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But what’s in it for me? News literacy among teenagers

Kristin Van Damme (UGent) and Sarah Van Leuven (UGent)
(2019)
Author
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Abstract
As news has become ubiquitous, audiences are deemed to have critical-thinking skills to assess the reliability of these messages. Over the last years, news literacy is gaining scholarly attention, forcing its place within the broader field of media literacy (Ashley, Maksl & Craft, 2013). News literacy combines knowledge about journalism (production and content of news) and the skills to apply this knowledge when consuming news (cf. Ashley, Maksl & Craft, 2013; Clark & Monserrate, 2011; Fleming, 2014; Kleemans & Eggink, 2016). News literacy among teenagers is especially interesting for two reasons. First, teenagers are a substantial group of media consumers but are relatively understudied in research on youth and news (Marchi, 2012). Second, teenagers are still developing in many ways, including skills to assess media messages. It remains however unclear how teenagers use and value news and how they perceive news literacy. To fill this void, a two-phase study is set up, combining quantitative findings of a large-scale survey with qualitative insights from interviews. In a first study, 2681 teenagers (12-18y) answered a questionnaire on news use and news literacy (including checking behavior, news skepticism and self-perceived news literacy). Using a linear discriminant analysis, three types of teenagers were found. First, Traditionals (33%) mainly rely on TV and radio for news, perceive themselves as news literate, but are less trusting in news. Second, the Skeptics (45%) consume far less news, but when they do, they rely on social media and TV. They are sceptic about the reliability of news, which leads to complacency. Third, the Omnivores (22%) consume news via a wide pallet of online and traditional media and perceive themselves as news literate. Moreover, they consider news as important in society. In a second study, 24 interviews allowed for deeper insight in teenagers’ news consumption and literacy. News use, the importance of news and news coping strategies were discussed. Preliminary results show that teenagers come far less in contact with news than study 1 would suggest. Mostly, news use results from their parents’ consumption patterns (such as watching TV news or discussing a topic). Consequently, they find it hard to define news coping strategies as they do not consider news as being important. When addressing the trustworthiness of news, teenagers are focused on the medium (i.e. newspapers are more trustworthy than online media) or actors (i.e. “when I do not agree a certain opinion, I think “this is not really a reliable article”).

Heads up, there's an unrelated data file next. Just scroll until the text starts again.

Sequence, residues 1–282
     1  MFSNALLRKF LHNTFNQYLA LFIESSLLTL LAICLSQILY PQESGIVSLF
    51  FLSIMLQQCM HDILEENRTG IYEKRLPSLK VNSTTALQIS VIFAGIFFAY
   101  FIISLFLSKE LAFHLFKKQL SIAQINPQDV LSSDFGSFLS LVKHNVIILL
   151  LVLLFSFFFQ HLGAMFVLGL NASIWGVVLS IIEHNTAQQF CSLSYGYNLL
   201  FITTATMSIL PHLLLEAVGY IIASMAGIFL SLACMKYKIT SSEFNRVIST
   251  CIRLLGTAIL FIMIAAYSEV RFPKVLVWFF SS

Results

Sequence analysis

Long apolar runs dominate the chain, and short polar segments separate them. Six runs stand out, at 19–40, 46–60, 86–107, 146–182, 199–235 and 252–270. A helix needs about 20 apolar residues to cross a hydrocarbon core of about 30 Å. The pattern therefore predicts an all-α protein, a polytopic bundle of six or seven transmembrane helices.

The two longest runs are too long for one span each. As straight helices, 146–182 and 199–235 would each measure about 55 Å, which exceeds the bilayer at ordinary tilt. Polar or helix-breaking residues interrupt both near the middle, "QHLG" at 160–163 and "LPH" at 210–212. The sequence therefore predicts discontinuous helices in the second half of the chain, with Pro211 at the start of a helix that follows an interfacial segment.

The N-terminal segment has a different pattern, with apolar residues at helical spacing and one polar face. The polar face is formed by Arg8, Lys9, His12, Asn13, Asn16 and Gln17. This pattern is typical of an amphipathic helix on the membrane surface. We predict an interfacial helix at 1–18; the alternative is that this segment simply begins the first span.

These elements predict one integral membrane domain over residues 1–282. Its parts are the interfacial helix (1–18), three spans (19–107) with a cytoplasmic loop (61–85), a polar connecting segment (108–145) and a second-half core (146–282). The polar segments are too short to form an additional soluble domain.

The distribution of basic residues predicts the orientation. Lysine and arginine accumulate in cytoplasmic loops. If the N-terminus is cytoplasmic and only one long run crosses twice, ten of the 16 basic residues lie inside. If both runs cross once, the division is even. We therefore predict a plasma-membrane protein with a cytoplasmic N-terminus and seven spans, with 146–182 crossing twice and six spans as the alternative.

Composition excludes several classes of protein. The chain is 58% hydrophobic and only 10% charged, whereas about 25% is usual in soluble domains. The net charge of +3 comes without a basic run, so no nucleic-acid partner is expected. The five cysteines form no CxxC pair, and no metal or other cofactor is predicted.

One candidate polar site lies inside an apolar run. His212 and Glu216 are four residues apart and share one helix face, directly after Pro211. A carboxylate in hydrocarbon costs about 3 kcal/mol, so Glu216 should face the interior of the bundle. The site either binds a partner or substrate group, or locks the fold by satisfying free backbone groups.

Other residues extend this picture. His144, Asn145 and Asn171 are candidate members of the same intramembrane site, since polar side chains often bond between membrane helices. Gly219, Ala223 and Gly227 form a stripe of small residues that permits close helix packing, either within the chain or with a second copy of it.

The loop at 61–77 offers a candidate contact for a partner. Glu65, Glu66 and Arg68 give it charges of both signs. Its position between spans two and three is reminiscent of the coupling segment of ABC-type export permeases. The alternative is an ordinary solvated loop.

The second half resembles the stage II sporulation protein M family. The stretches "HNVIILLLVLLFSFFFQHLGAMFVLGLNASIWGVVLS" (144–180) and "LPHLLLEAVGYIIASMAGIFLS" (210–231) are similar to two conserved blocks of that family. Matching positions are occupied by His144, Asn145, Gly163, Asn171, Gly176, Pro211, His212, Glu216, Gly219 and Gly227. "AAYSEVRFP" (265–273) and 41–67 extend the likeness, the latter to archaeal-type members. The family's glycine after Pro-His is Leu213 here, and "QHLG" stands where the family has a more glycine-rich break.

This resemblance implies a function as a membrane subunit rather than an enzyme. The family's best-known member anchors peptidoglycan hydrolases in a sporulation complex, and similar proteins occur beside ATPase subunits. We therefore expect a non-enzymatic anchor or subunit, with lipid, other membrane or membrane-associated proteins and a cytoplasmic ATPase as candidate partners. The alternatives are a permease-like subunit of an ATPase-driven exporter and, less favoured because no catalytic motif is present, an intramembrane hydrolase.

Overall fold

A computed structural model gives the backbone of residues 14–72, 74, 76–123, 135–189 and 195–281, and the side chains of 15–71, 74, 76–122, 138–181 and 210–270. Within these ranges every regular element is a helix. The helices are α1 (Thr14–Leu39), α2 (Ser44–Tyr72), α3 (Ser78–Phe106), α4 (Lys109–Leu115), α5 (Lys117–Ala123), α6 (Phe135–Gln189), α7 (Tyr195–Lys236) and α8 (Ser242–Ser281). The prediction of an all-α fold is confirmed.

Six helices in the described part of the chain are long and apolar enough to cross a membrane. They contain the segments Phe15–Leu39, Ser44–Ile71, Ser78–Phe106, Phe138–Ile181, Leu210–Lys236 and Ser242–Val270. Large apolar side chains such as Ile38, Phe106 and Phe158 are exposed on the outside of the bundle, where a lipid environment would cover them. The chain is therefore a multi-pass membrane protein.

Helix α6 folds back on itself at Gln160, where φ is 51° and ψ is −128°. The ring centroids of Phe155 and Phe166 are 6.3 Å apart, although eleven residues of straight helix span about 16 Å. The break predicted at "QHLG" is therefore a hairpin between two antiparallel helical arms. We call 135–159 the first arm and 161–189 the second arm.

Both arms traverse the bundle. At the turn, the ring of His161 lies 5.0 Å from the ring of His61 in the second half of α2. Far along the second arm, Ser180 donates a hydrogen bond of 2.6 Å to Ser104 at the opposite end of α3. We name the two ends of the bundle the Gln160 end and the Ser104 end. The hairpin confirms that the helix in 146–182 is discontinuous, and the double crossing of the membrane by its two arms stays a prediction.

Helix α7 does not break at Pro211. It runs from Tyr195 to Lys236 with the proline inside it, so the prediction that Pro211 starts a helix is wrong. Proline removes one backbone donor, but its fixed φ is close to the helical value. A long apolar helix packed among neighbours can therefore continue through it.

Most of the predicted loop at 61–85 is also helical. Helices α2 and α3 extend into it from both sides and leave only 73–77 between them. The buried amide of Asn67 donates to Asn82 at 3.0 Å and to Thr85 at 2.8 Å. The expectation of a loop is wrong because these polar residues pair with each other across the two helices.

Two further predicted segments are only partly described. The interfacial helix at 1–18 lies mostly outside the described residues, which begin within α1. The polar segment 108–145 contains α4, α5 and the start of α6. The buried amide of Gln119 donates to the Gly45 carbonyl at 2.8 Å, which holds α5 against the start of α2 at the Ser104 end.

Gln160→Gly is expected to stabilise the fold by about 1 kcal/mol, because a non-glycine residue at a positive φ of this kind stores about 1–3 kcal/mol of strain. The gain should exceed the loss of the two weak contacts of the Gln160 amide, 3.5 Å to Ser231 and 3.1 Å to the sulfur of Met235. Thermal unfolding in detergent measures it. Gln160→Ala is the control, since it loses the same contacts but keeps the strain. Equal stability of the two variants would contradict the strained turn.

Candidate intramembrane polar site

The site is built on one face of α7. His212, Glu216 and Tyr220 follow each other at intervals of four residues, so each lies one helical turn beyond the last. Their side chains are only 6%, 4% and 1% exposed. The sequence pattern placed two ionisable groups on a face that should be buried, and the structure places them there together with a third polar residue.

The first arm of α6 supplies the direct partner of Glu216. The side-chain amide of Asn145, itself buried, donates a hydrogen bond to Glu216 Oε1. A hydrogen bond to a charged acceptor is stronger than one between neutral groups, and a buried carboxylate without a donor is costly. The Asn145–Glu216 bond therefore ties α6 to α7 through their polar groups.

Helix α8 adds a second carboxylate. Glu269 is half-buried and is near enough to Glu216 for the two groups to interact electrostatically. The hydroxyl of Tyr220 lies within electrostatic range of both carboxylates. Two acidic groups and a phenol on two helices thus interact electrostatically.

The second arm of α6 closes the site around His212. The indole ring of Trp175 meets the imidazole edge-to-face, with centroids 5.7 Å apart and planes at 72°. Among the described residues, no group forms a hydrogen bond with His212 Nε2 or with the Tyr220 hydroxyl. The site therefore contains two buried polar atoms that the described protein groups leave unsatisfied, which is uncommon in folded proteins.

Keywords
teenagers, news literacy, multi-method, news consumption, audience studies

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MLA
Van Damme, Kristin, and Sarah Van Leuven. “But What’s in It for Me? News Literacy Among Teenagers.” 2019. Print.
APA
Van Damme, K., & Van Leuven, S. (2019). But what’s in it for me? News literacy among teenagers. Presented at the ECREA Journalism Studies.
Chicago author-date
Van Damme, Kristin, and Sarah Van Leuven. 2019. “But What’s in It for Me? News Literacy Among Teenagers.” In .